Satoko Fujii has the capability of making music in several different contexts and breathing life into each one of them. She is back with her quartet for a third album—and if hope springs eternal, that hope is fully realised. The elements of surprise and change are the constants which make listening to her and her band well worth anticipating.
Fujii likes to compose at a tangent. There are no straight-ahead manifestations in her writing. Whatever the approach, whether it is immersed in dark swirling mist or in the calm flow of a ballad, there is always a dramatic air that ignites the interaction between the players. Even the fractured rhythm pronounced by drummer Tatsuya Yoshida on “First Tango” sets up the blithe run of Natsuka Tamura on trumpet who essays the melody enhanced by the bass of Takeharu Hayakawa, giving the song its rhythmic due. Fujii is chock-full of harmonic runs that she strongly accents with chords from her left.
The opening to “Flying to the South” is deceptive; Fujii plays open ended notes before slowly upping the tempo with thunderous chords. She is soon on to a balmier landscape abetted by Tamura, before the rest gather and head off into a happy, sunny atmosphere getting a shot of roiling bass from Hayakawa along the way. The array of sound and hue that carries “15 Minutes to Get to the Station” is compelling. The atmosphere crackles first from the use of open, into which is immersed the vocal cries of Yoshida, and then the whirlwind that sweeps through on Tamura’s trumpet eddied by the bass and drums as the song rocks strongly onward before reining in and ending on a gentle plain.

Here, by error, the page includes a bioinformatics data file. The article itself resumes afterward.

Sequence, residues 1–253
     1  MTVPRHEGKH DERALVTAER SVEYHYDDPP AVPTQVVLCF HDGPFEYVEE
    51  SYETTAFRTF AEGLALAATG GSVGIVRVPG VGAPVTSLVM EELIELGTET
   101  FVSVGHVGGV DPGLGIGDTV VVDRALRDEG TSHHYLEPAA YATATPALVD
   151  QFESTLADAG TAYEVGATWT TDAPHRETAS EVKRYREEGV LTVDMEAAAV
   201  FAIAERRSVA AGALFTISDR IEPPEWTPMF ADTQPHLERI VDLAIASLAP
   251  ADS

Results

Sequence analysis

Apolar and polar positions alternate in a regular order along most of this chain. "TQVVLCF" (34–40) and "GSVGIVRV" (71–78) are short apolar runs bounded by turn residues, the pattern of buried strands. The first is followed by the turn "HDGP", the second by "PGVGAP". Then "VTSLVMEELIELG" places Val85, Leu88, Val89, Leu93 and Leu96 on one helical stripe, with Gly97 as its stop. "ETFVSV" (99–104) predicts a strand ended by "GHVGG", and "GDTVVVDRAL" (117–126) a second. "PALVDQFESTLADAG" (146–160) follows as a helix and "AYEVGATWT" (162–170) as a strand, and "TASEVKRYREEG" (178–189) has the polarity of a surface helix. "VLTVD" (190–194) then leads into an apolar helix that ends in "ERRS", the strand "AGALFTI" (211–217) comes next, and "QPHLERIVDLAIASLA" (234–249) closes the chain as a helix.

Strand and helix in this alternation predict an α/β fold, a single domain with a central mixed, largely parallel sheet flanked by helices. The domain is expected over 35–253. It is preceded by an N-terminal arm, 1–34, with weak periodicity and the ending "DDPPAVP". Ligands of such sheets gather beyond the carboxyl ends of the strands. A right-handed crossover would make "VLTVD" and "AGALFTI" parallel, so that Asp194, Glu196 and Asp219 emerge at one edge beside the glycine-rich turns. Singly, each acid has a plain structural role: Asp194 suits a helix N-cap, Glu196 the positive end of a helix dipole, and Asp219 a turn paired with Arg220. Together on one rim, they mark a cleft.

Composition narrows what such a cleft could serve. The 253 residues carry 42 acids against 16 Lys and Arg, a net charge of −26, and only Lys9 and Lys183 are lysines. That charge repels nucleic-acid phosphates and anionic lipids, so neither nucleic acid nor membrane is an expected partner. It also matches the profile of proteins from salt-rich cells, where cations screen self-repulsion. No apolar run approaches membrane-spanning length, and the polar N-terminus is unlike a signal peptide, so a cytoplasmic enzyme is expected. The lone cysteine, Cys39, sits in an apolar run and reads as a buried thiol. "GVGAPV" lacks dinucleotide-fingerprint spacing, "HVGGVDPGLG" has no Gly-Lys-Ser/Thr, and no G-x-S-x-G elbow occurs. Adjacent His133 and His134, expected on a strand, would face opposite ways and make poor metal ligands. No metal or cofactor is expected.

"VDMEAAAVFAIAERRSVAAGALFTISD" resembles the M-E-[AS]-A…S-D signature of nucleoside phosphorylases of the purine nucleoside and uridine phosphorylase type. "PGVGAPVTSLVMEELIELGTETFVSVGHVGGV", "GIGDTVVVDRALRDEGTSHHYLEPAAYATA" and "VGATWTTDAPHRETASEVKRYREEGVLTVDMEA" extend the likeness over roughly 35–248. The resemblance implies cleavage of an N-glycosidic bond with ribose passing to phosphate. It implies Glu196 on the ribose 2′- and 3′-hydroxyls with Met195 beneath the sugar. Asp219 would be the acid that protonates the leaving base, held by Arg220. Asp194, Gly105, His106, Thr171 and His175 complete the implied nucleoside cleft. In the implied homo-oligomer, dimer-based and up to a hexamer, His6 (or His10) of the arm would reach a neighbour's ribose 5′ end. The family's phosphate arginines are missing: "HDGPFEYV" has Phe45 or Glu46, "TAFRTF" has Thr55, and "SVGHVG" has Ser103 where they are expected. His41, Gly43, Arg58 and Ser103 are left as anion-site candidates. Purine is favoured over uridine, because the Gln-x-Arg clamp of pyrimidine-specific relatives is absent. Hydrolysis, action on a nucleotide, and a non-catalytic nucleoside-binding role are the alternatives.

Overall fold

Whatever form the music may take, whatever directions it may break into, at the end it all coalesces into a cogent whole. And that is something worth listening to.
Track Listing: The Future of the Past; As Usual; Flying to the South; First Tango; One Summer Day; Clear Sky
Personnel: Satoko Fujii
Year Released: 2004
| Record Label: NatSat Music
| Style: Modern Jazz
I grew up listening to my father's jazz records and listening to the radio. My dad was a musician for many years as a vocalist, bassist and drummer. His two uncles played in the Symphony of Reggio Calabria back in Italy
I grew up listening to my father's jazz records and listening to the radio. My dad was a musician for many years as a vocalist, bassist and drummer. His two uncles played in the Symphony of Reggio Calabria back in Italy. So music and jazz specifically have been a part of me since I was born. I love and perform in all styles of music from around the world. Improvisation in jazz is what drew me in, and still does as well as other genres that feature improvisation. A group of great musicians expressing themselves as one is the hallmark of great jazz and in fact all great music.